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Home / US / Law firm claims negligent medical care after child dies weeks after ICE custody

Law firm claims negligent medical care after child dies weeks after ICE custody



Yazmin Juarez, 20, and her 18-month-old daughter, Mariee, were arrested at a facility in Dilley, Texas, "with unsafe conditions, negligent medical care, and inappropriate supervision," according to their law firm in a newspaper

After arriving at the South Texas Family Residential Center in March, Mariee contracted a respiratory infection that her attorneys at Arnold & Porter allegedly "treated badly for nearly a month."

Texas officials say they are investigating the case, and Immigration and Customs officials did not respond to specific allegations by Juarez and her lawyers.

Juarez and Mariee, who came from Guatemala, were arrested on March 1 after ICE's crossing to the US across the Rio Grande. She applied for asylum and the two landed, according to the law firm almost three weeks at the facility in Texas.

In the facility, Mariee became increasingly ill, according to a timeline of events published by the lawyers. Juarez repeatedly sought health care for her daughter, but did not receive the intensive medical treatment she sought and prescribed various medications that did not improve her daughter's condition, according to the timeline.

After being released from the facility, Juarez and Mariee flew to New Jersey, where their mother lives, and sought medical treatment the following day. Mariee was hospitalized for six weeks for lung failure and died on May 1

0 at the Philadelphia Children's Hospital, according to Juarez lawyers.

"A mother has lost her little girl because ICE and those who run the Dilley immigration detention center were inexcusable," the law firm's statement says.

"We are working with Yazmin and her family to seek justice for the failures of ICE and others, and to ensure that no other family will suffer such an unnecessary and devastating loss."

Earlier this month, child protection officers began in Texas with an investigation into the allegation that a child died after leaving home. This investigation remains open and there is no estimated date for completion, said Patrick Crimmins, a spokesman for the Texas Department of Family and Protective Services.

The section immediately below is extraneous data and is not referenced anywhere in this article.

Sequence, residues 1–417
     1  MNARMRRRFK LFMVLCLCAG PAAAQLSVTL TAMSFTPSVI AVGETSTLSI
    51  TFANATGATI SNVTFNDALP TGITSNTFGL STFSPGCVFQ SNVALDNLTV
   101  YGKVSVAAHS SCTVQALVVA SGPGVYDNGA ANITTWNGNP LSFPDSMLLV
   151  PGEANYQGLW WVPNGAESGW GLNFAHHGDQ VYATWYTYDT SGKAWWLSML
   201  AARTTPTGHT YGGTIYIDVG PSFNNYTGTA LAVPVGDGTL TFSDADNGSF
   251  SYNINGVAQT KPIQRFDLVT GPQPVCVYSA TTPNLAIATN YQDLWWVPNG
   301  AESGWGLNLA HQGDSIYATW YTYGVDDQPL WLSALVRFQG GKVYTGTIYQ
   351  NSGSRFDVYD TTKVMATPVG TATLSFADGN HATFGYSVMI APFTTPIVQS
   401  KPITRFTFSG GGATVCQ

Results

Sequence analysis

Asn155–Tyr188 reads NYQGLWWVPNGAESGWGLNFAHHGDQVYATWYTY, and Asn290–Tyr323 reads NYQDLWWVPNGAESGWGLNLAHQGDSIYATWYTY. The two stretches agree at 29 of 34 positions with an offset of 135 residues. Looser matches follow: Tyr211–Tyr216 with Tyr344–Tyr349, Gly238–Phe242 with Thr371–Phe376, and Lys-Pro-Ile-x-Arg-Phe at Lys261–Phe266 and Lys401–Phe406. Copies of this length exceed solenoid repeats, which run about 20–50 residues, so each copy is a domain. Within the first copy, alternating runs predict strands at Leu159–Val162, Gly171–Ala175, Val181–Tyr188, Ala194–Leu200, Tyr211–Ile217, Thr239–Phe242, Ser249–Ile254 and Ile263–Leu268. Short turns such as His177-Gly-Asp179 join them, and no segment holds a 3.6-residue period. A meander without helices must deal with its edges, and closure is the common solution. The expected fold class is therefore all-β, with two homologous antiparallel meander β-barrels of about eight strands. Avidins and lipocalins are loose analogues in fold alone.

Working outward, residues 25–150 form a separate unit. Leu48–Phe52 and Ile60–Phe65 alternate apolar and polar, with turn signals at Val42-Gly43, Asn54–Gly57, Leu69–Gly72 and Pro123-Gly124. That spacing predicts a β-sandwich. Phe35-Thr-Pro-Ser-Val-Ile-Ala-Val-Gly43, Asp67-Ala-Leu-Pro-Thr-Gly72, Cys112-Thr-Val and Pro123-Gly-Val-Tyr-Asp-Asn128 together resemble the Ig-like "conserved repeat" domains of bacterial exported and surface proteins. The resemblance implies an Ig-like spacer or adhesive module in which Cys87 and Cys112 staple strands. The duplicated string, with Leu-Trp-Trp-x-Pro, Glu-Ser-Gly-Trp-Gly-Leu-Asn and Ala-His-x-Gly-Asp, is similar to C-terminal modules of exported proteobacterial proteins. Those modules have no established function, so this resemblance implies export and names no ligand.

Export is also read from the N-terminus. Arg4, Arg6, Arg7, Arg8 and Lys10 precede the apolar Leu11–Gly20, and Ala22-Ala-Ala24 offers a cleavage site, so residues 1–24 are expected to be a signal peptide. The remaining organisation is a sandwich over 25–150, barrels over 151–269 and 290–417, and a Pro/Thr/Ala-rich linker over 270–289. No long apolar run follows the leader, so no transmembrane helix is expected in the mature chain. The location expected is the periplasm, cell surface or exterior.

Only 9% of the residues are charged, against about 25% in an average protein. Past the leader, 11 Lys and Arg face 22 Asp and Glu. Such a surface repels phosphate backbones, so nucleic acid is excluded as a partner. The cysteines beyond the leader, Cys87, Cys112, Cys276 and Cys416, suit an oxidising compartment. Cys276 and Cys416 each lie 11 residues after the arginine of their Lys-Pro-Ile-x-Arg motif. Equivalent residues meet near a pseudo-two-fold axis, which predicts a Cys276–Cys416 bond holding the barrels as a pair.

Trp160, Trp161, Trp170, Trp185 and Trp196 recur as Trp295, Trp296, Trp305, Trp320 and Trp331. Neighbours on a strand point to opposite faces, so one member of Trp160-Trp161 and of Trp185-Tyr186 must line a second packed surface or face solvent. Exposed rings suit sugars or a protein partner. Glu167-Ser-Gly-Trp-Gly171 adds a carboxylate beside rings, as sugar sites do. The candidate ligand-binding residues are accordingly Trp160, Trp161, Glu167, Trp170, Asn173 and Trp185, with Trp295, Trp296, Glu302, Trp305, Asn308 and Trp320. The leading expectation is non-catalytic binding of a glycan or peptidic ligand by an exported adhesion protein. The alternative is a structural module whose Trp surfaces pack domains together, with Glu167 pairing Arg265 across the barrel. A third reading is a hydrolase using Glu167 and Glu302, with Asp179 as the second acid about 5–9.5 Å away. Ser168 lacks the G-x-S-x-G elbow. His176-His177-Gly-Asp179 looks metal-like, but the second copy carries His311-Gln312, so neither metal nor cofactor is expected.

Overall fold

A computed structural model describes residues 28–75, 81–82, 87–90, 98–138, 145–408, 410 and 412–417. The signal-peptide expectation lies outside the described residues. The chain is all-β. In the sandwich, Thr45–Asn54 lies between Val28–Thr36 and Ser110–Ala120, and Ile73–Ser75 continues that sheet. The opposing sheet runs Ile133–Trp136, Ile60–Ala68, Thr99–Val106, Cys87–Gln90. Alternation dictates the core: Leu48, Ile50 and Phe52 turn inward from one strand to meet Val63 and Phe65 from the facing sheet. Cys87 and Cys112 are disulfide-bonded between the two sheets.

Mariee died six weeks after being released from a facility in Texas, her mother's lawyers say.

In response to a CNN request, ICE said in a statement: "ICE is committed to ensuring the well-being of all persons in the care of the Agency, including access to necessary and adequate medical care in ICE detention." [19659002] In her statement, she did not specifically address Mariee, but listed the medical staff provided to those in her care and how the agency spends more than $ 250 million a year on her health care.

Juarez & # 39; lawyers said Mariee was well when she first arrived in Dilley, but her condition worsened.

Juarez was looking for her lawyer on March 11, six days after arriving at the facility in Dilley, for medical treatment for her daughter. Tylenol was prescribed to the infant after an acute upper respiratory infection.

But her lawyers say that Mariee's symptoms have become worse, losing weight, vomiting and developing fever and diarrhea. During her nearly three weeks at the facility, Juarez sought medical care for Mariee at least five times, according to her lawyers. During her time there, Mariee received various other diagnoses, which included acute bronchiolitis and otitis.

"When it became clear that Mariee was seriously ill, ICE released her mother and daughter, and Yazmin sought immediate medical help for her baby, but it was too late Mariee died in the hospital after six painful weeks after leaving Dilley . " for their lawyers.

They claim that conditions in Dilley are "unsafe and unsanitary conditions" and that medical care is "poor in terms of availability and quality".


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